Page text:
Rebuffed By CVUSD & County Board Of Education, Oxford Begs For State Rechartering

Oxford Preparatory Academy, which was founded by Sue Roche and under her guidance advanced to become San Bernardino County’s highest achieving school academically consistently for five years and then saw its luster tarnished when Roche sought to cash in on her teaching formula, is petitioning to keep itself afloat by obtaining a special dispensation from the California Board of Education.
Oxford is chartered to run as a school under the aegis of the Chino Valley Unified School District through the 2016-17 academic year. But Chino Valley Unified’s school board turned down Oxford’s application for rechartering in March, despite its position at or near the pinnacle of scholastic performance in the region. Oxford then struck out when it sought to appeal that decision with the San Bernardino County Board of Education, which refused to consider the matter on technical grounds.
Oxford is a charter school. Charter schools exists as operations under the authorization but beyond the direct control of the school district’s which charter them. Charter schools offer a curriculum that varies from those of traditional schools, offering specialized education for slow learners, accelerated education for fast learners or subject matter that is not normally available through traditional schools. A charter school is funded through money provided to it from the chartering district’s budget.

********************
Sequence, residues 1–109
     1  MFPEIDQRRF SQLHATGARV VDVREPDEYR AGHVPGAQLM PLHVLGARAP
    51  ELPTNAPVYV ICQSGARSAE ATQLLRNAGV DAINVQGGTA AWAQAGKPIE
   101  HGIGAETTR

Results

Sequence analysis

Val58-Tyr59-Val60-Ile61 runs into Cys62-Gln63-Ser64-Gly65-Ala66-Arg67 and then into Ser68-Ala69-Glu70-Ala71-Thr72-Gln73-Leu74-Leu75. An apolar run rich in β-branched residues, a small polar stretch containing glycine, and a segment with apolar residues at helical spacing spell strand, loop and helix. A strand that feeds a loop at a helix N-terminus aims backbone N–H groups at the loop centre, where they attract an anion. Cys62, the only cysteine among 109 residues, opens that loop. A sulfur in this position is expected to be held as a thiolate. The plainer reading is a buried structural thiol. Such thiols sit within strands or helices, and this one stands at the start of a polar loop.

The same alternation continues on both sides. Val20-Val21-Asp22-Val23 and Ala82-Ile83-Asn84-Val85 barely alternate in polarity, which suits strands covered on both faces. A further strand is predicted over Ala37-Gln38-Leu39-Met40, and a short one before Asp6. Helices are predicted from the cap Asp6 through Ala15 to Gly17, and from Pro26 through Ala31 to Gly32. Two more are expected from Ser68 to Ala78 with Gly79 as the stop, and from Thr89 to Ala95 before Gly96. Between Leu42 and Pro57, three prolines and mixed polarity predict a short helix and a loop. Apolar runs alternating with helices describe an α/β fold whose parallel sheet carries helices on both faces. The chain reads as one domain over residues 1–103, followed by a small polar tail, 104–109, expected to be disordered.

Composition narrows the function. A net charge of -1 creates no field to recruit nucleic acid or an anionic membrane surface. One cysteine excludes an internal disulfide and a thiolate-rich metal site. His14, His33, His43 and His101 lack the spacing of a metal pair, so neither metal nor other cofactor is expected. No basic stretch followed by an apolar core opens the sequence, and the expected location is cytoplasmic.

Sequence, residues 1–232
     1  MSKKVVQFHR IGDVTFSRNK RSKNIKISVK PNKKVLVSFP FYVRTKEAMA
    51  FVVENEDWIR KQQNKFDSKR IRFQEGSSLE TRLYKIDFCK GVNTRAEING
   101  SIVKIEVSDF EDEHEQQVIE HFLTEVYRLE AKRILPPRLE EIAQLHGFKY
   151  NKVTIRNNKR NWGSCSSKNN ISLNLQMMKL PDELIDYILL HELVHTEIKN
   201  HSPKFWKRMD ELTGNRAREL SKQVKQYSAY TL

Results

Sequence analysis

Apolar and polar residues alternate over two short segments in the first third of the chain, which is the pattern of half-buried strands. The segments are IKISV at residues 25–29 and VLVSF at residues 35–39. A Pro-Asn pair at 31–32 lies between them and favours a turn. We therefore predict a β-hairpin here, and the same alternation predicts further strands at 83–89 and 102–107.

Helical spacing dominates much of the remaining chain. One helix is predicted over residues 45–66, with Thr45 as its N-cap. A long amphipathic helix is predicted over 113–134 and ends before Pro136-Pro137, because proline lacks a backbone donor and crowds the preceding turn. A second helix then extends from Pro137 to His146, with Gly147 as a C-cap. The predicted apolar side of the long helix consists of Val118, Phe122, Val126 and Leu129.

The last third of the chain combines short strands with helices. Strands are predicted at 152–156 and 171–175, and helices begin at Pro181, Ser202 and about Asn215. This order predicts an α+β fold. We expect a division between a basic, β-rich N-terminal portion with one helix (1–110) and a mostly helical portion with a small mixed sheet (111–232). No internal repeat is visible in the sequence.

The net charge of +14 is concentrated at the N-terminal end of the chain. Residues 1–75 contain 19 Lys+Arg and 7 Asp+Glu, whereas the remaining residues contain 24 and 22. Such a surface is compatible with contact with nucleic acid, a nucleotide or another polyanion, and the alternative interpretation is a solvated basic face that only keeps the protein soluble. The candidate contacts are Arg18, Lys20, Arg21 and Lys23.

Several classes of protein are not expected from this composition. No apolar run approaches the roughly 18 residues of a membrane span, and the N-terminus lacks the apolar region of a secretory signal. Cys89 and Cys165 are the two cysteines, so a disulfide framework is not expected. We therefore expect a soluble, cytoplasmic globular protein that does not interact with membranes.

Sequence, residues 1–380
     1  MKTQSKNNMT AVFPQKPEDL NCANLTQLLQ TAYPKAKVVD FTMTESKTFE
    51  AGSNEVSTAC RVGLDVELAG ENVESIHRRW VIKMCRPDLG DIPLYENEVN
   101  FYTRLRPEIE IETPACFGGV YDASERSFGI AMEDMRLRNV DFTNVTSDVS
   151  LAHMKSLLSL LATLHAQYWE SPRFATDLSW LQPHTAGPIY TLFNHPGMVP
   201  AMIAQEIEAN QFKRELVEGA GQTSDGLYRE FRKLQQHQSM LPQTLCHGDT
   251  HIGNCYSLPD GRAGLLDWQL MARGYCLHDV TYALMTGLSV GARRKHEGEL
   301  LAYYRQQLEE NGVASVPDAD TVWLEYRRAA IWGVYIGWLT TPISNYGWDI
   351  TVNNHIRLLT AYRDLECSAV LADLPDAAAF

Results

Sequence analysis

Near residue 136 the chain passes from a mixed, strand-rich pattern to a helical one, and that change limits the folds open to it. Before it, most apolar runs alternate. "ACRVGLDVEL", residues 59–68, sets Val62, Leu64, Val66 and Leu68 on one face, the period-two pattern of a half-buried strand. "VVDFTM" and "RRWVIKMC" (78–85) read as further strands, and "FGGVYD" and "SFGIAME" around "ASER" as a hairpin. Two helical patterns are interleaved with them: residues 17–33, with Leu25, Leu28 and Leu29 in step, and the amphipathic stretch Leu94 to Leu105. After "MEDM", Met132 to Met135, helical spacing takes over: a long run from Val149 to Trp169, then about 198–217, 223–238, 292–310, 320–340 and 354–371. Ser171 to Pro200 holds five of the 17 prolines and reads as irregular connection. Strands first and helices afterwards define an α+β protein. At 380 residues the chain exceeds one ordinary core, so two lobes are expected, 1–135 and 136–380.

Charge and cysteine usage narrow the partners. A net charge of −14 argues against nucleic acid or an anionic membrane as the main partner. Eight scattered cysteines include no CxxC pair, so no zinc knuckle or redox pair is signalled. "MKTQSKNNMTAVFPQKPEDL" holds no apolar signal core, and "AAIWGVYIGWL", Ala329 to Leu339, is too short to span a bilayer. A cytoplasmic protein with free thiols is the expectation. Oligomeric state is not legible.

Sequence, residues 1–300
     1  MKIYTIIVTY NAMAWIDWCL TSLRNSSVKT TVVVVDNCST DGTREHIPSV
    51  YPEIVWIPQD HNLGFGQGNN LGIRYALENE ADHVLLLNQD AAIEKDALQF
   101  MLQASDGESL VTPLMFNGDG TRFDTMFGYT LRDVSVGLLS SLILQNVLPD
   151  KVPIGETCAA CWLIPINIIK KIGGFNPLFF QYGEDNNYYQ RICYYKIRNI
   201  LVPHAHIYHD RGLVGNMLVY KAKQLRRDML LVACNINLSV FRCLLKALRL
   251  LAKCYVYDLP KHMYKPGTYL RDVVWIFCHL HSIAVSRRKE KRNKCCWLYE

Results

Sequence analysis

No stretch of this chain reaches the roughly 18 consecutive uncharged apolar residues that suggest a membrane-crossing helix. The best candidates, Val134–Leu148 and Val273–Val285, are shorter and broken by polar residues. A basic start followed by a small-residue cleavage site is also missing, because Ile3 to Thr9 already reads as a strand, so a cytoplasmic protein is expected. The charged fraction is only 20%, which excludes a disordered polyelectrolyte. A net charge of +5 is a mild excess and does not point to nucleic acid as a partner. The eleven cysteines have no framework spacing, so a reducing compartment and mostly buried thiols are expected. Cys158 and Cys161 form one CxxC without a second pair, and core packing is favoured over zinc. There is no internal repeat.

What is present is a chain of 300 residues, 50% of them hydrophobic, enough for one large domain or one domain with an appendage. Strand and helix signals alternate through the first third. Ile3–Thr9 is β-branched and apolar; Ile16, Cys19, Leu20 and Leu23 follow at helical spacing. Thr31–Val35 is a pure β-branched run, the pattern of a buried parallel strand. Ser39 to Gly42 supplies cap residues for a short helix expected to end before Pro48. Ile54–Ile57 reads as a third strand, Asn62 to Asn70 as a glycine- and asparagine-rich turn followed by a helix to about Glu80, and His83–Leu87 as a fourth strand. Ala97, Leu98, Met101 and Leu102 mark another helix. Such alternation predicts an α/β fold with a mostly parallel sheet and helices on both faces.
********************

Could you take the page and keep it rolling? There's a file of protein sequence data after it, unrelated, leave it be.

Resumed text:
On July 8 Oxford’s internal board of directors voted to take the academy’s petition to the California State Board of Education, asking it to allow it to operate five more years and upgrade its operation from a single elementary campus to two, including a high school in Chino.
At one point, Roche was lionized as the progenitor of one of the most dynamic scholastic operations in Southern California. During the mid- and late stages of the first decade of the 2000s, Roche had been the principal at Rhodes Elementary School, the highest-scoring school in the Chino Valley Unified School District as measured by state administered scholastic tests. Roche parlayed that success into getting the district’s initial $3 million backing to create the Oxford Academy in 2010. Using a formula that relied on heavy parental involvement outside the classroom and steady doses of academic intensity in the classroom, Roche soared to an even higher level of success with Oxford, as the students there consistently – for four out of five years – were the highest performers on state tests among all schools in San Bernarino County. Competition among parents in the Chino District to have their children attend Oxford was intense and a lottery system had to be devised because there were not enough desks, classrooms and teachers at the school to accommodate the students who applied to get in.